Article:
McCracken Republicans Clymer, Moore squaring off in GOP primary for judge-exec seat
A local businessman is squaring off with the incumbent Republican in the GOP primary for McCracken County’s judge-executive seat.
Clymer is hoping his experience and relationships with the position during his first term, coupled with his results, can convince his constituents to give him a second term.
“I’ve been serving this community for over three decades. I have all the tools. I have the education. I have the training. I have the experience on the job,” Clymer said. “I’ve built the relationships with the governor, with these commissioners, with the secretaries of the various departments, with [Senator] Mitch McConnell … my focus is solely on McCracken County and running [it].”
Moore co-owns a marble and granite business, a salon and a property development company in addition to his own construction business and work as a realtor. He thinks running a successful business is an important qualification for local government candidates.
“My business experience is basically the number one qualification that I have. I’ve been in business for over 25 years so I understand overseeing everything, projects, people, budgets, etc.,” Moore said. “If you’re in business for yourself and you have budget issues, you don’t have the luxury of going out and raising taxes and getting money from somebody else to make your business work. You have to cut your budget. That’s how I feel like the county government should run.”
Clymer, a former district and circuit court judge and law enforcement officer, thinks the biggest issue facing the county is the continued stabilizing of its financial state. Nearly a decade of overspending by the county saw the current fiscal court inherit a “pretty bleak” financial situation that resulted in a nearly $900,000 shortfall in Clymer's first year in office, necessitating cuts to appropriations for area nonprofits.
“We inherited a really poor financial status. Our savings were about depleted and the county had been deficit spending for eight or nine years. We can’t really do much of anything if we don’t have money to do it, so we’re getting that built up.”
Since then, Clymer and the rest of the fiscal court have enacted multiple tactics to increase revenue, notably levying an inventory tax, increasing insurance premium taxes and increasing transient room taxes on area short-term rentals in an attempt to finance sports tourism revenue in the region. An over $40 million sports tourism complex funded through a collaboration between the McCracken County Fiscal Court and the City of Paducah is one of Clymer’s lodestars for the future of the county.
Moore says the biggest issue facing McCracken is a lack of jobs. The business owner says he would rather cut the budget than raise taxes, pointing first to eliminating positions in the judge-executive’s office.
“We cannot sustain our government and fund our government on the people that are just living here,” Moore said. “We have got to go out and bring in heavy industry.”
If elected, Moore hopes to court heavy industry to the area in hopes of job creation. He also wants to find ways to create incentives for local businesses to hire more people and update building codes to be more cost-effective for businesses.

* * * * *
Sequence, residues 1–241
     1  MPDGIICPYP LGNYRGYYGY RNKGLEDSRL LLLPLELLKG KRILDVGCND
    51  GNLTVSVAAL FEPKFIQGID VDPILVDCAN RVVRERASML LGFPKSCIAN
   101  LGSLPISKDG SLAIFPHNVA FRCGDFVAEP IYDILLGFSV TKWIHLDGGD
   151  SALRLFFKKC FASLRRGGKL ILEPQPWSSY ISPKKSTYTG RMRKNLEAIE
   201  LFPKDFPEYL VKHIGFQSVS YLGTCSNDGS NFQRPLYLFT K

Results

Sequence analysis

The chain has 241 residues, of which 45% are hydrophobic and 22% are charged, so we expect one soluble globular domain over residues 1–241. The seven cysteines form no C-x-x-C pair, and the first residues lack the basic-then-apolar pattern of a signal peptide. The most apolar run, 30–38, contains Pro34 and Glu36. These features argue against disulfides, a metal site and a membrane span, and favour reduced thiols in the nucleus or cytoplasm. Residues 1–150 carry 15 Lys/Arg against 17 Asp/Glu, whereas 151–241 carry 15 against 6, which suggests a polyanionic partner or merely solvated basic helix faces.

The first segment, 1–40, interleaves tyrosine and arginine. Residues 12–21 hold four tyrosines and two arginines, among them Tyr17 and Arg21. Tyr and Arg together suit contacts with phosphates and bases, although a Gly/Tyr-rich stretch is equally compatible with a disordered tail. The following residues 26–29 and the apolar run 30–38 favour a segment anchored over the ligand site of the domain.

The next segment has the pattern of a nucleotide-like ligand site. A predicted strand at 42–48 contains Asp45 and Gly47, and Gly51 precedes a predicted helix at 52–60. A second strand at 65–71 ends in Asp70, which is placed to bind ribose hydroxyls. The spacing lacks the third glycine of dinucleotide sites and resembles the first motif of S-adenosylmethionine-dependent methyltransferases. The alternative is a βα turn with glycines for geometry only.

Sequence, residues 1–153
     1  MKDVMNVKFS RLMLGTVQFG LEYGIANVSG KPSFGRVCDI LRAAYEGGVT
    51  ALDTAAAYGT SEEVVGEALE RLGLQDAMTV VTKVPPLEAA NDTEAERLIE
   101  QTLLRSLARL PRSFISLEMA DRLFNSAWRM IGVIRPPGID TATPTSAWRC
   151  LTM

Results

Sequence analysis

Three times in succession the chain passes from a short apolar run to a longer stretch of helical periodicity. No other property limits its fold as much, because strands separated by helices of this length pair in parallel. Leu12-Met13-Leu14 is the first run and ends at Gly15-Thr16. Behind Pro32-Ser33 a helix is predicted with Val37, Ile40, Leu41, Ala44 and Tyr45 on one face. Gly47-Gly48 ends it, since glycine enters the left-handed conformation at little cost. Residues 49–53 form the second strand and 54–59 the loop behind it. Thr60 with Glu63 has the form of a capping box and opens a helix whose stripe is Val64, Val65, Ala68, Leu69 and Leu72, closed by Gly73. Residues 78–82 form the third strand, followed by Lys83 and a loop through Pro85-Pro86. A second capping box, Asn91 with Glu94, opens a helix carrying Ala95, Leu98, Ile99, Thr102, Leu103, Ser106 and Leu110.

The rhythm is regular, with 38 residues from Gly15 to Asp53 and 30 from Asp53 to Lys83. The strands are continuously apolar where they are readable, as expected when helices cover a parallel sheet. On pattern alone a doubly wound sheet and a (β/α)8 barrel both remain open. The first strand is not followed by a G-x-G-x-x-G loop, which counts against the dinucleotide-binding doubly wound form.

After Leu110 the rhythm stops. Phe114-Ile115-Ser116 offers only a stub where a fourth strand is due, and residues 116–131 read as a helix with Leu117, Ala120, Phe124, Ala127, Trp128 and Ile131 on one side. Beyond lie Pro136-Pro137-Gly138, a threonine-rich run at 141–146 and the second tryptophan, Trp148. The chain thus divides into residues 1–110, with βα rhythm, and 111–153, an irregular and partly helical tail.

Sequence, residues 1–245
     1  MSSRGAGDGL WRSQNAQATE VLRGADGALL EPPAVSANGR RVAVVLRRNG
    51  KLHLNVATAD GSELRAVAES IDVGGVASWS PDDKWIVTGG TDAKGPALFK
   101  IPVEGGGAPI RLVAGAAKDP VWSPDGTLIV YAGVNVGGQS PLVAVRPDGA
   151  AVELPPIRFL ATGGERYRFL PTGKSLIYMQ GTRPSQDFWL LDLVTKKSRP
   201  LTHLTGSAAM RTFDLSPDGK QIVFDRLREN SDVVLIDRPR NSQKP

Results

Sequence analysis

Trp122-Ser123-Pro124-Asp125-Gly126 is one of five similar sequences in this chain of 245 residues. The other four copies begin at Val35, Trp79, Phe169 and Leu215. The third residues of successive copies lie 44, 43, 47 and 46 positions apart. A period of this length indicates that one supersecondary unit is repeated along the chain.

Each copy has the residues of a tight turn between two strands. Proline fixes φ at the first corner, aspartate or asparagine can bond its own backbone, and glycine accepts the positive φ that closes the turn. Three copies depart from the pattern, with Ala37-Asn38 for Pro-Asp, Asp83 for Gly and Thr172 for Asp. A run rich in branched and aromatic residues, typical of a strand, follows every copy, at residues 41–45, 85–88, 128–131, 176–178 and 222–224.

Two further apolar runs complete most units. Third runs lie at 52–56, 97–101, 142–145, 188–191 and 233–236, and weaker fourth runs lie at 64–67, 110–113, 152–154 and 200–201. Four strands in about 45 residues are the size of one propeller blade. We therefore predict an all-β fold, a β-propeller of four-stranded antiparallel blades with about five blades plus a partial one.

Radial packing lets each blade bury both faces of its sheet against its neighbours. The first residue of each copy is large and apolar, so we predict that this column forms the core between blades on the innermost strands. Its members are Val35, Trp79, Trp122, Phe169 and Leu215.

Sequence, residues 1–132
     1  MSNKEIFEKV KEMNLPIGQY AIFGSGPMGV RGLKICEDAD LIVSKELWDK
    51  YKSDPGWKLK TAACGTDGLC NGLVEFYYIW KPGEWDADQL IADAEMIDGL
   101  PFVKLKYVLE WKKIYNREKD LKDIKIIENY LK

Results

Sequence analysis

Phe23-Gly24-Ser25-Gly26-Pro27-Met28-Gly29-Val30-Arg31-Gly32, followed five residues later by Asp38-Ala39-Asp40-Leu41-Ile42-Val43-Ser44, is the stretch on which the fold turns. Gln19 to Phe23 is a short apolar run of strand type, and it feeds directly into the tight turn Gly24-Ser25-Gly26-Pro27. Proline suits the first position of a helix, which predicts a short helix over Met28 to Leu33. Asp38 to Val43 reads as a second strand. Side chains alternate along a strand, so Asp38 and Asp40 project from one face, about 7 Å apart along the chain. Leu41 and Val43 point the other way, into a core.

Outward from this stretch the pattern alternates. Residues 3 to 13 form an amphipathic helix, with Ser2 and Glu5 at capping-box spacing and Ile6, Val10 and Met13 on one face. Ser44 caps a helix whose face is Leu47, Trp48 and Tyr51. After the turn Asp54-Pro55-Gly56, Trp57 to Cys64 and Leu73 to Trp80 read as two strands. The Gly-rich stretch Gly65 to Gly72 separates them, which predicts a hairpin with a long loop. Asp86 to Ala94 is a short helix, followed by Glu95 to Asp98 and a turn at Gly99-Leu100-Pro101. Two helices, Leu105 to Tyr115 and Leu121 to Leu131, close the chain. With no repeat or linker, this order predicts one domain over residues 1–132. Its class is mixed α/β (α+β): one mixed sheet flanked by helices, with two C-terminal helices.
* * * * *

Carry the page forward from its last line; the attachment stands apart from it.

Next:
“People need me to run McCracken County for my people skills, my energy level, my business sense and my approachability,” he said. “Growth is the key to success. If anybody is going to hustle enough to allow McCracken County to grow, it’s me. I will market our area like it’s never been marketed before and make our area a destination for industry.”
Clymer argued the judge-executive seat being his sole concern is an asset for the county.
“This is all I do. I devote my full time and efforts to serving the county as the judge-executive,” he said. “I can be a full-time judge. It’s a full-time job and it requires a full-time person doing it.”
The 2022 primary elections will take place on May 17. Learn more about races in the region in our Primary Election Voter Guide.
The winner of the GOP primary will face Gary Vander Boegh, the lone Democrat to file for the race, in fall’s general election.
Vander Boegh is unopposed for his party’s nomination. The 73-year-old is a former environmental engineer and project manager for the Department of Energy at the Paducah Gaseous Diffusion Plant (PGDP). He designed and managed the solid waste landfill for waste originating at PGDP. Vander Boegh says his experience with large project management through government channels could be a plus for the county in its top seat.
“I follow the law, I don’t bend the law, I don’t take kickbacks from anybody,” he said. “If you want compliance to the law, equal application of the law and equal law applied to every individual – black or white – then you’ve only got one candidate running.”
Vander Boegh was a nuclear whistleblower and says he was terminated in 2006 because he tried to bring to light wrongdoings at the nuclear site. Since then, he’s advocated for former site workers he says have gotten sick because of exposure through the site.
Vander Boegh claims thousands of former PGDP workers have had insurance claims wrongfully denied, many of them because of racial discrimination.
“I’m not here to do anything more than expose what the DOE has done to western Kentucky and southern Illinois,” Vander Boegh said.
He also advocated for better stewardship at the McCracken County Regional Jail, arguing in favor of bringing in an “outside auditor” to get a better grasp of where taxpayer dollars go at the institution.